With another client, Answer Financial, I dug around a little bit, and found what is obviously your standard link exchange page:
Checking a couple of the links, I do indeed find some reciprocity (although perhaps Answer Financial should check those pages more, some links lead to dead sites altogether). Answer links to a UK based company called Loan Finder 4U, who in turn links back to them on their links pages:
Now, do not get me wrong, in my opinion neither company is doing anything heinous or repulsive, it is Google that seems to be taking this stance. Which is, of course, what makes the discovery that Googles newly acquired SEO clients are participating in purchasing text links completely ironic, and funny as hell to boot.
11 thoughts on “Google Owns SEO Company Whose Top Clients Use Text Link Ads To Improve Rankings”
Interesting to say the least……and a bit of “Do as I say, not as I do?”
SEO’s will learn to start using other systems out there like LinkXL.com that place organic links untraceable by the engines in the content of website.
i just read about this because i was looking for a company to help with my seo campaign… im not sure how to respond to it other than if you cant beat them join them… so im going to price out how much it will cost for them to setup an seo campaign for my real estate website…
a) Technically Google doesn’t actually recommend any particular SEO firm over another (I saw your referral search phrase), but yeah, I would think one of their own companies might be the way to go. 😀
b) I would really, really like to know how they do, if you do hire them. Would you mind keeping us updated on that?
Goolge is not all-knowing and all-seeing. The main problem with taxt-link-ads is that publishers don’t have enough power over the links that are published to ensure that only quality, relevent sites are linked to. Google wants for publishers to only pass a pr vote to an advertiser if they have actually reviewed and approved the site they are linksing to. Text-link-ads takes this part of the ‘voting’ out of the picture.
Actually, no, that’s not true. Google insists that webmasters are not bright enough to review and judge whether or not advertisers are worthy of link juice. If money is involved then the advertiser must be crappy, and no link juice should be passed. Read this:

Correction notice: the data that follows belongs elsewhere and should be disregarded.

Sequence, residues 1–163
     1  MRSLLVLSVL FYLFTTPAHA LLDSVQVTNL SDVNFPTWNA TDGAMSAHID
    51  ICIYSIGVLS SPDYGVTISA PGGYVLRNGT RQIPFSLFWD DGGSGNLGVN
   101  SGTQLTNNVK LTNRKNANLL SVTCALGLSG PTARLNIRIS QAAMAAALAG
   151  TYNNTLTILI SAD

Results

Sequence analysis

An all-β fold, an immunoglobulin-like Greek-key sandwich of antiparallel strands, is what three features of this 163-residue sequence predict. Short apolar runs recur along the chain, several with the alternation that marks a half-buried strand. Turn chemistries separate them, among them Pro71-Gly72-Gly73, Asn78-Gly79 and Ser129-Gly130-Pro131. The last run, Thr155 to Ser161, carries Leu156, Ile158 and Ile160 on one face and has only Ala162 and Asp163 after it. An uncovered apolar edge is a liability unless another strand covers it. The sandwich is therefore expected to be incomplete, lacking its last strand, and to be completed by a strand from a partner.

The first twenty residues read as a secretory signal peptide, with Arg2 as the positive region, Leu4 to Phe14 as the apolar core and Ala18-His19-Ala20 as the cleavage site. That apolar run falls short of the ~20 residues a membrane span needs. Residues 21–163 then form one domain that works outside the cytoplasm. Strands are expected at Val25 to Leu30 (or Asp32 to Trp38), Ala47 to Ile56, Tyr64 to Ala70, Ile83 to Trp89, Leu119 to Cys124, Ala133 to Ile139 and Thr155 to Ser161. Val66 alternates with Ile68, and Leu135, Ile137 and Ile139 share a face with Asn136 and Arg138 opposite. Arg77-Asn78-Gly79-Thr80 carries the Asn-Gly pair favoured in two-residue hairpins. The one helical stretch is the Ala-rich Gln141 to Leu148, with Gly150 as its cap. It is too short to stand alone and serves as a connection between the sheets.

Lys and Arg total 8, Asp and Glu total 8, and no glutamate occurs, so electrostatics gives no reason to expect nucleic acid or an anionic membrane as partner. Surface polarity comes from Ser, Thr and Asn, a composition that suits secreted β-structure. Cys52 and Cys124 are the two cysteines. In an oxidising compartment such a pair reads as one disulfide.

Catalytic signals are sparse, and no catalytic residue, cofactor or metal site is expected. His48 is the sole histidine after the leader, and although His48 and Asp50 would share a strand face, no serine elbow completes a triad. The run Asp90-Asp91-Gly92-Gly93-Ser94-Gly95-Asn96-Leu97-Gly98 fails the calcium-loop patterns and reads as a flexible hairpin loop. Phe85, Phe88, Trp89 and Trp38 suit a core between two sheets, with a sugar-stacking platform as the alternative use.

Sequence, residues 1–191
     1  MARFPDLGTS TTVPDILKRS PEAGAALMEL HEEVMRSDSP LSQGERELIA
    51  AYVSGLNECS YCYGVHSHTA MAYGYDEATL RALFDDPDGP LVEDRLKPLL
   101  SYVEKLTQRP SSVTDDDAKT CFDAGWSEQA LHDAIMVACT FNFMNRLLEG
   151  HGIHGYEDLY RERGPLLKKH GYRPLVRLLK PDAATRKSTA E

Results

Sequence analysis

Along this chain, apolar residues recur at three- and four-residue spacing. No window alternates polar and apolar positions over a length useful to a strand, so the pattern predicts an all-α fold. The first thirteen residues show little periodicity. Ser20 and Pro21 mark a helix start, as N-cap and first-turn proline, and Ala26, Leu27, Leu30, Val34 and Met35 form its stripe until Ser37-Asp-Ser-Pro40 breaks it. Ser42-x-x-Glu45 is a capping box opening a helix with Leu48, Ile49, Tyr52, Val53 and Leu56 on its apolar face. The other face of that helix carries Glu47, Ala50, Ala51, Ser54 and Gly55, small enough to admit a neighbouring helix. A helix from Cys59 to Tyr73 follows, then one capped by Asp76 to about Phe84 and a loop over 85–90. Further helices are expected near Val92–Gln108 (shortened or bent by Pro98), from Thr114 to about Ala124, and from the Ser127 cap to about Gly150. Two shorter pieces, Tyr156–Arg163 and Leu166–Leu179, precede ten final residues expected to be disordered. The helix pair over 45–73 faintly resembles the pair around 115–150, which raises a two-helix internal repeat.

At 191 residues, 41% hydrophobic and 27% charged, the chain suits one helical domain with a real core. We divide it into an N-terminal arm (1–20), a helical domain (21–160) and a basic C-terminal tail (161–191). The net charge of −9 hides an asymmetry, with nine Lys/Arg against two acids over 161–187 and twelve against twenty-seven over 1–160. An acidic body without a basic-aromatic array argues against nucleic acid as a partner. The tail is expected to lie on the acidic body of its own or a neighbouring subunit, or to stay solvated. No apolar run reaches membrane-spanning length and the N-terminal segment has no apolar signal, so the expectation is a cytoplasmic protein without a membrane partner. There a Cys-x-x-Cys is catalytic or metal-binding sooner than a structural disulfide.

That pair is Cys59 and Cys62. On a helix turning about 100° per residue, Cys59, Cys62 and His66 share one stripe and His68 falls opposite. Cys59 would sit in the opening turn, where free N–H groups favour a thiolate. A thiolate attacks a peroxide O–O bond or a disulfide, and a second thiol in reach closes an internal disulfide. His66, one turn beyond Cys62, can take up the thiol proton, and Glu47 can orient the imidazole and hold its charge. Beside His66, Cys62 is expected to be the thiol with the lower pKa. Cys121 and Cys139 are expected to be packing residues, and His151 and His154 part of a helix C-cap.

Matt Cutts: Industry Leaders Are Incapable Of Performing Editorial Discretion
That’s purely speculation, and I don’t see how it states anyting contrary to what I’ve said. In fact, Google has said repeatedly that paid links are acceptable, as long as they are very carefully selected, and as long as the intent is not solely to manipulate PR. Purchasing and publishing links to quality, related sites for the purpose of traffic is perfectly acceptable. For example, Google’s toleration of the yahoo paid link directory. Not all links are accepted, even if you pay. yahoo makes sure that each link they publish is to a high quality site with original content. You don’t see a bunch of sites in there who’s main or only purpose is to get people to click on ads. That’s becuase those sites are rejected by yahoo. Google approves of this practice, and therefore yahoo isn’t penalized.
Google has never said anything of the sort. Matt Cutts has come right and said that if a link is sold it should not be passing PageRank, period. Please tell me where you think it was that you saw differently.
Buying your way to the top is horrible. Especially since those doing it tend to have really horrible and even spammy websites.
This was a very interesting article…thanks for sharing
What about the Farmer Update (Panda update)? Now they are saying Page Rank means nothing??? Google is almost Big Brother now!